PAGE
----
Dr. Christine Kulstad is an emergency physician and Emergency Medicine Co-Clerkship Director at UT Southwestern in Dallas, Texas. She maintains a sense of balance by keeping fit, eating right, and making time for her family and friends. Her advice on staying focused is something we could all try. Here’s how she stays healthy in EM!
- Name: Christine Kulstad, MD
- Location: Dallas, TX
- Current job(s): Co-Clerkship Director at UT Southwestern
- One word that describes how you stay healthy: Consistency
- Primary behavior/activity to help de-stress: Exercise
What are the top 3 ways you keep healthy?
- Exercise. Exercise is the most consistently effective way for me to de-stress, in addition to its other health benefits.
- Maintaining Connections. Making time to stay connected with friends, family, neighbors, and my dogs. Since I’ve recently moved from Chicago to Texas, and I have family in California and Seattle, this takes some effort. But it is always worth it!
- Eating healthy. I cook fairly frequently so that I can make healthy choices, but I’m challenged by meal planning and grocery shopping. I’ve been experimenting with ways to make this easier, currently using Green Chef.
What is your ideal workout?
If I can find someone to work out with, that is my ideal workout, otherwise it changes periodically since I get bored easily. I am currently doing a mix of strength training at a gym, HIIT, and occasionally running.
Do you track your fitness? How?
I have a fitness tracker, but don’t use it anymore. I record what exercise I do on my Google calendar to keep myself honest (I’m pretty sure I worked out Tuesday, nope, better get my shoes on).
How do you prepare for a night shift? How do you recover from one?
I have not found a great way to prepare for the first night shift. Caffeine is the key to my night shifts – I really like coffee! When I can’t get coffee, I chew caffeine gum (Military Energy Gum). Recovering after a night shift is easier. I sleep about 4 hours, and then get up, caffeinate, and go to sleep again at the usual hour. Not to brag, but I’m a pretty good sleeper, so I don’t usually have a problem getting back on a normal sleep schedule.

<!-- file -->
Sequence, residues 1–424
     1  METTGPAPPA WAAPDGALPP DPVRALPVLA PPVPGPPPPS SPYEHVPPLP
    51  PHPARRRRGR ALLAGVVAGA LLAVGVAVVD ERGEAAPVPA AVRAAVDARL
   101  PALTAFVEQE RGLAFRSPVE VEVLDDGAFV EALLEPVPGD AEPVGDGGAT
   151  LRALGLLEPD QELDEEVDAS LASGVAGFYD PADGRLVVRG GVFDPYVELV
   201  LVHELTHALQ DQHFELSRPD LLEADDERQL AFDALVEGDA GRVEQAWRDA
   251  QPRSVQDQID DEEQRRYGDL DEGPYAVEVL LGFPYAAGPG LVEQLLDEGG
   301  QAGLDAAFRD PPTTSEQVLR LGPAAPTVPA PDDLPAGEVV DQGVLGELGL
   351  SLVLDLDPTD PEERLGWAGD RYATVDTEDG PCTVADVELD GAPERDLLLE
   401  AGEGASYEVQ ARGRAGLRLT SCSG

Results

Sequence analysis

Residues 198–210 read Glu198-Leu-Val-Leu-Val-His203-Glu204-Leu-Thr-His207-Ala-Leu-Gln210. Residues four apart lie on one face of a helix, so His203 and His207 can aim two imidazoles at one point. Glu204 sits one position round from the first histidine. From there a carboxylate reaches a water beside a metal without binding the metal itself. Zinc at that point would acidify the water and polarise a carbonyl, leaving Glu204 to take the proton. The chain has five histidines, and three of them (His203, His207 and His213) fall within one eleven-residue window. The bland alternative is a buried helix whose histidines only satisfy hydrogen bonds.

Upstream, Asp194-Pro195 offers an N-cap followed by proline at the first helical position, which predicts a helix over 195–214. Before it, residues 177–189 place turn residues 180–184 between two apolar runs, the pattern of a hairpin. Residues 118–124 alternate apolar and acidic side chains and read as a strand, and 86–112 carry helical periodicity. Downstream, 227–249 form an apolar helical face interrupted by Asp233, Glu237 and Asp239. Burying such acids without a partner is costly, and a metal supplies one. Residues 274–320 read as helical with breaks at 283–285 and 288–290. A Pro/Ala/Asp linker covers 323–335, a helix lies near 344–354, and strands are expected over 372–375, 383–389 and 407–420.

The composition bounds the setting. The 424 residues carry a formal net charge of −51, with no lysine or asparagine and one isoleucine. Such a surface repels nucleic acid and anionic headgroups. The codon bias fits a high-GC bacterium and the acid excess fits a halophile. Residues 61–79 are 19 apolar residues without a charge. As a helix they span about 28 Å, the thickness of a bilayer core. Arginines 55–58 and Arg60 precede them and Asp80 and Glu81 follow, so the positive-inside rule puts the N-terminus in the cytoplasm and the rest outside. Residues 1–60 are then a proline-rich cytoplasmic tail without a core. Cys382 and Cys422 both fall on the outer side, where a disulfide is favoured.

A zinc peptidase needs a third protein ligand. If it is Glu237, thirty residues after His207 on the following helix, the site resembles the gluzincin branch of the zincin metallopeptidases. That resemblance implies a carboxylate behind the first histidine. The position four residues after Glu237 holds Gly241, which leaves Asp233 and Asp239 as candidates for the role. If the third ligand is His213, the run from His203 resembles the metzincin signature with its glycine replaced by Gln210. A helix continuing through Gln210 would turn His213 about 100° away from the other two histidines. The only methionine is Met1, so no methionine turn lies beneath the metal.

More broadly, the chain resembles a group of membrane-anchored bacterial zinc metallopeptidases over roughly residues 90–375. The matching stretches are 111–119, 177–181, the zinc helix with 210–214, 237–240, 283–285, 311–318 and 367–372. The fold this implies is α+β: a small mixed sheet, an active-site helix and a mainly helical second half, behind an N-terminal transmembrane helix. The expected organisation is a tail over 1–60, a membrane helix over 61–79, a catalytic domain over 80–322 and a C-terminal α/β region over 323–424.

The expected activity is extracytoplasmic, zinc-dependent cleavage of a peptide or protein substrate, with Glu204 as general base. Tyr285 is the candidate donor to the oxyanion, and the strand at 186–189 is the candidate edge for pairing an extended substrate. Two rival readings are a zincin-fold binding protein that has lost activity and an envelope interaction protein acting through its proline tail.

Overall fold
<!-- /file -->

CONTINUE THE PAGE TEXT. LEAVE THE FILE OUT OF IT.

How do you avoid getting “hangry” (angry due to hunger) on shift?
For me, hunger is not as big a problem as just needing a break. When I have tried to eat a snack or other meal, I end up inhaling it in 17 seconds, which is usually followed by dyspepsia and post-prandial fatigue. So now I don’t eat on night shifts, and usually have a protein bar during the others (9 hour shifts in my shop). I do try to make sure that at the halfway point of the shift I take a walk to get a coffee (I really like coffee), say hello to a colleague, or look at a video of my nephews on Facebook. I’m in a better mood and can focus much better afterwards.
How do you ensure you are mentally in check?
At work, when it starts to feel like the wheels are coming off, I’ve found it’s usually time to stop. Don’t make a call or pick up a new patient. Sit down and figure out who needs antibiotics, admission, re-evaluation, or discharge. This carries over to academic work as well. When I’m feeling like there’s too much to do, it helps me to make a to-do list. Not having to try to remember what I need to do decreases my stress and helps me prioritize. And crossing things off the list is so rewarding!
What are the biggest challenges you face in maintaining a longstanding career in EM? How do you address these challenges?
Burn out is so common in medicine. It starts insidiously, which is why it’s so important to recognize it early. Increasing your involvement in a related area of EM – administration, education, advocacy, mission trips – will help you rediscover your enthusiasm. Sometimes you have to try a couple of these before you find the one that works for you. I also find a lot of enjoyment in the small connections with patients, sharing a joke or learning a non-medically relevant fact makes me happier at work.
Best advice you have received for maintaining health?
Stay focused on it. It can seem like exercise, eating right, and managing stress are luxuries but they are foundational to being the best version of yourself. You will have more physical, mental, and emotional energy for others if you take care of yourself. I believe that this should be where you splurge: healthy food, a cleaning person, a meaningful experience, or a great fitness class instead of a new consumer good.
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